Life is tragic simply because the earth turns and the sun inexorably rises and sets, and one day, for each of us, the sun will go down for the last, last time. Perhaps the whole root of our trouble, the human trouble, is that we will sacrifice all the beauty of our lives, will imprison ourselves in totems, taboos, crosses, blood sacrifices, steeples, mosques, races, armies, flags, nations, in order to deny the fact of death, which is the only fact we have. It seems to me that one ought to rejoice in the fact of death—ought to decide, indeed, to earn one’s death by confronting with passion the conundrum of life. One is responsible for life: It is the small beacon in that terrifying darkness from which we come and to which we shall return. One must negotiate this as nobly as possible, for the sake of those who are coming after us.
The message is a quote by James Baldwin from a book called The Fire Next Time. I like that quote in particular because I think that humans struggle or try to make ourselves busy with many things that in the end don’t really matter. It all boils down to. We’re going to be gone. And I think it’s our fear. And he points that out as a fear to confront this inexorable fact that we’re going to die basically. And it’s a fear to confront this that makes us ambitious about power, or greedy, that makes us hate other people or this just makes our lives miserable. So maybe we just should face death and our lives would be better.
Not being too comfortable where you live or where you are and be curious at the same time
I travelled a lot before being where I am right now for many years. And I was not based in one specific context. And I think it’s also important to be grounded. So finding that balance is a very difficult thing. Not being too comfortable where you live or where you are and being curious at the same time, and willing to face new challenges. Which is what you do when you travel. But travel not as a tourist, but to travel with a mission or travel because you want to understand other things and other places.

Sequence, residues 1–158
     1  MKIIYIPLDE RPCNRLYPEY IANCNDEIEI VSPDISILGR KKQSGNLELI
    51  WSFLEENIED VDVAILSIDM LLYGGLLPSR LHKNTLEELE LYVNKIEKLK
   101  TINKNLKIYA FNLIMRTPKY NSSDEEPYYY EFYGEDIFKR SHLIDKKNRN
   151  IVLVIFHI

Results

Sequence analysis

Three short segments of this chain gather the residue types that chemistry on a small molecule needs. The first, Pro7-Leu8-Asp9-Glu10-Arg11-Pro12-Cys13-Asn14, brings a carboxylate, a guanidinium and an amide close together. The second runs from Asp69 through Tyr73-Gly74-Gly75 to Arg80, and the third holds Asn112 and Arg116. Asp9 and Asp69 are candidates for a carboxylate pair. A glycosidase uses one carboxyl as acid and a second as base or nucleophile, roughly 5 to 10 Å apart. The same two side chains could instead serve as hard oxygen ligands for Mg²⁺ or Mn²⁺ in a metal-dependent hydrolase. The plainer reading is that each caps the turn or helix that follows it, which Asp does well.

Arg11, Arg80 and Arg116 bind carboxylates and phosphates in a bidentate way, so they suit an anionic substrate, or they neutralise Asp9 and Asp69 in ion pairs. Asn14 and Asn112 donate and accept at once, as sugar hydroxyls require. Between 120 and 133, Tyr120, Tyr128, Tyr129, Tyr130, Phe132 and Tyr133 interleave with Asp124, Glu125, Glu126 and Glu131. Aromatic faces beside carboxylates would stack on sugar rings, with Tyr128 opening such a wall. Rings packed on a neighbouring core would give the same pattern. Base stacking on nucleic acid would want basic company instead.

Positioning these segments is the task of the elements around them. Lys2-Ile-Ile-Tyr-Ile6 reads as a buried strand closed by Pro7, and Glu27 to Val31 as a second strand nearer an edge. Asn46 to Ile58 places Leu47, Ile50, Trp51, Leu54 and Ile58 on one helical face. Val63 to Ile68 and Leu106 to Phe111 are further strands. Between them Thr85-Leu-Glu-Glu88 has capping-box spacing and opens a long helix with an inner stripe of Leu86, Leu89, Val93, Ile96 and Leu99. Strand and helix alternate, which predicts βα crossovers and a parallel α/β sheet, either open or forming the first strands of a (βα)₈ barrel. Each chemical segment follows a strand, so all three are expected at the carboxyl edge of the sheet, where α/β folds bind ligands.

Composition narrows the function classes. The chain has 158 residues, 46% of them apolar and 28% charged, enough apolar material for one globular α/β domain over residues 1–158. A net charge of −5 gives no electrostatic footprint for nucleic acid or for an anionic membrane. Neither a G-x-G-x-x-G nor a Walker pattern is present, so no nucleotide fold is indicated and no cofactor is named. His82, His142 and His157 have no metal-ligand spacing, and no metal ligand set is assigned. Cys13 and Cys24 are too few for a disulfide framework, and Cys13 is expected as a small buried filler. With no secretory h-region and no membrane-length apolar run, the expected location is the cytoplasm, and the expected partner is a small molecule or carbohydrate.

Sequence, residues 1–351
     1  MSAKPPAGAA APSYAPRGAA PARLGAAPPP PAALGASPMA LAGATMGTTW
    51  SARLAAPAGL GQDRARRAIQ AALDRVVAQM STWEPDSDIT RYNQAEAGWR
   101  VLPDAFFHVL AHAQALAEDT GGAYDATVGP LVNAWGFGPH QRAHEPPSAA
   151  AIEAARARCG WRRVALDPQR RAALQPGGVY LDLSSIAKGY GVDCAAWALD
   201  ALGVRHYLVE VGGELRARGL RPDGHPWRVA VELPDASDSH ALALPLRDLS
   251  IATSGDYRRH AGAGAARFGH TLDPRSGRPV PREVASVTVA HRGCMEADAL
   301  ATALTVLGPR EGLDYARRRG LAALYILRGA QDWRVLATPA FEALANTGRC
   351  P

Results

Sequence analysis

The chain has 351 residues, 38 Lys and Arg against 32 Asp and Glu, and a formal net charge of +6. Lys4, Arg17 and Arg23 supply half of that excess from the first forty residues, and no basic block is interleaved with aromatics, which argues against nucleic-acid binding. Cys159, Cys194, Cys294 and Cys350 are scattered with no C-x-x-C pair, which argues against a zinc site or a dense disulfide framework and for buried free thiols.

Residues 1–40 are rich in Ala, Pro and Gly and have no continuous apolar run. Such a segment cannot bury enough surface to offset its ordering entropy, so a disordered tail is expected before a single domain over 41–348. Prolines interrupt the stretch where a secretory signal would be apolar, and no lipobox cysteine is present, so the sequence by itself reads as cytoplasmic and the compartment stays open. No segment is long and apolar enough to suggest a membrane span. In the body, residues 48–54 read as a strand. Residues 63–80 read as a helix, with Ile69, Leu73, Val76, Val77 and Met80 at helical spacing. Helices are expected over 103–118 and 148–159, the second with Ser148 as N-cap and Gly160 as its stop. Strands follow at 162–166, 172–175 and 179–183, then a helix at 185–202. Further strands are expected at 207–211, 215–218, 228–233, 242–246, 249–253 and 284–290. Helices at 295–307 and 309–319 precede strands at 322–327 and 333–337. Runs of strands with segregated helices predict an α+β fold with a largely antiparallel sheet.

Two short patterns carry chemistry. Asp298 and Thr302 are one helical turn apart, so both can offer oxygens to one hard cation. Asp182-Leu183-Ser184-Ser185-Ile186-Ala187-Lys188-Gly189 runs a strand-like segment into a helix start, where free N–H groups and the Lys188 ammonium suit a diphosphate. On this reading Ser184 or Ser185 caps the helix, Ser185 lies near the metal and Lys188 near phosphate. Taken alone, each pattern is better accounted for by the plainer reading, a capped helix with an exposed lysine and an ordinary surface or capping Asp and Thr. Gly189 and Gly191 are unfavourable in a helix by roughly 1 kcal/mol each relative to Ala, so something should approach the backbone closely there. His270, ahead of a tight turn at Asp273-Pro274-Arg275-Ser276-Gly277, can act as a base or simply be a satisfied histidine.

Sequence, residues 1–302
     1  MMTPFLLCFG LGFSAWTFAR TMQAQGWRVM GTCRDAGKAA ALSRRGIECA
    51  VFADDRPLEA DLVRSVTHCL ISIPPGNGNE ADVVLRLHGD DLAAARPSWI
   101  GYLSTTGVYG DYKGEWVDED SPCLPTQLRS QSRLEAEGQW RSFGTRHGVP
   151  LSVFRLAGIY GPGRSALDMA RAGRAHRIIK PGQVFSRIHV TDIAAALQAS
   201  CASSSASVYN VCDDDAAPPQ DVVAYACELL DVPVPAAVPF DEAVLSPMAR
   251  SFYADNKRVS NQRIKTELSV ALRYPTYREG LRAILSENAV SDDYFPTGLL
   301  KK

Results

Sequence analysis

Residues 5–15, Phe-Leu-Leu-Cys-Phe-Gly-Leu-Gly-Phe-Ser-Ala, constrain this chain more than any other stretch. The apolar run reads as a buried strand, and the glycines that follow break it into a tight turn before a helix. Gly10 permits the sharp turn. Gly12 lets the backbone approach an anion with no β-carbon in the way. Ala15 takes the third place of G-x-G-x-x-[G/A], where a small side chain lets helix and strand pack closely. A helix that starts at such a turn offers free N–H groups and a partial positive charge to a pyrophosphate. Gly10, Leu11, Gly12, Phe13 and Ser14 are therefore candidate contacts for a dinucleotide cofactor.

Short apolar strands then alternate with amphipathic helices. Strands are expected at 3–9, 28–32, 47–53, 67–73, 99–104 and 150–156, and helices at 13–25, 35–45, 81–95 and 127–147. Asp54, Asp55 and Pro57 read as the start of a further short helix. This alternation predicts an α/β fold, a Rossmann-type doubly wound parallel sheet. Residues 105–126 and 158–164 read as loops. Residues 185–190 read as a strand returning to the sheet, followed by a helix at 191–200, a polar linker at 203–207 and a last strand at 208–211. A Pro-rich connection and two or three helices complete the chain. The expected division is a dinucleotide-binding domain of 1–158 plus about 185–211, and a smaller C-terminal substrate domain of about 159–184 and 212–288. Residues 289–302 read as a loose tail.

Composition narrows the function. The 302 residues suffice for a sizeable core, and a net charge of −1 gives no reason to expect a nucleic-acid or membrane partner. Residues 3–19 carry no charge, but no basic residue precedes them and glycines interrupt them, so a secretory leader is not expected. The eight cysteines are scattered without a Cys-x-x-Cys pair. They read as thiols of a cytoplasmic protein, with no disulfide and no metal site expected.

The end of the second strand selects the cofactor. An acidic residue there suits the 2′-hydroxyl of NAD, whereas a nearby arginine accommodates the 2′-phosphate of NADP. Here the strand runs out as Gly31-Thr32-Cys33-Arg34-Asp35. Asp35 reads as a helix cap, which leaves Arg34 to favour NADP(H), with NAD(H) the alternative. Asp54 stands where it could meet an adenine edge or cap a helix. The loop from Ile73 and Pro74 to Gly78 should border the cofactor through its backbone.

A work would not be complete if it’s not through the participation of the public
I think a work would not be complete if it’s not through the participation of the public, the audience, the reader. So leaving it open in order for someone else to complete it it’s an essential part of any creative work, in my opinion. So for us, it’s important that we give space to others.
Care is about being authentic
This word, care, as many other words, it’s mentioned more frequently in the last few years than before. And I think that’s good. That’s good. Things are being discussed, things are being acknowledged and named. But it also makes me wonder how much farther besides acknowledging something, which is the first step, we actually go, right? I believe that care is about being authentic. Because if I come and I am there for the person and I’m there for myself or I’m there for whatever is around me, I think it’s the highest degree of care one can give, because that would assure that you would respond to the situation as it is. And I think that this is what is the most difficult in care, because if I will now decide that, oh, maybe you should eat something and try to serve you some food even if you are not hungry, which is kind of a stereotype of, I don’t know, parents or grandparents or I don’t know some relatives. And is it really care? Right. Like, for sure it’s an expression of something. But I would say that care is really realizing what’s happening and what can be done in this situation. So this is super difficult.
There is power in silence
I run a podcast on bacterial and social fermentation and the act of interviewing people made me reflect a lot on the power structure of the interview format. There’s somebody who asks you questions and you answer somehow wondering, “Do I sound clever?” and so on. But first of all, there is this great generosity in listening to another person, if it’s done respectfully and right. It is an act of generosity and that there is power in silence. Actually silence is much more subversive than I thought before.
About Super Eclectic
Super Eclectic is a creative studio and production house based in Helsinki, working in Finland and internationally. They use transmedia to create narratives and communicate experiences across multiple digital and analog platforms. With graphics, moving images, sound, words, and atmospheres, they expand different angles of a story. Their team embraces the importance of diversity, equity, and sustainability. That’s why they operate according to decentralized organizational methods, feminist leadership, and data privacy.
Pirici, A. (2022). Entanglement [Festival keynote]. CreaTures Festival, Sevilla, Spain.
Dolejšová, M., Ampatzidou, C., Choi, J. H-j., Botero, A., Beavers, I., Pokrywka, A., Van Amstel, F., Satomi, M. & Perner-Wilson, H. (2021). Feral Creative Practices Panel [Panel discussion]. Uroboros 2021 festival.
Ampatzidou, Cristina & Choi, Jaz Hee-jeong (Eds.) (2022) Understories – CreaTures Zine.
Pokrywka, A. (2021). Cyano Automaton [Festival presentation]. Uroboros 2021 festival.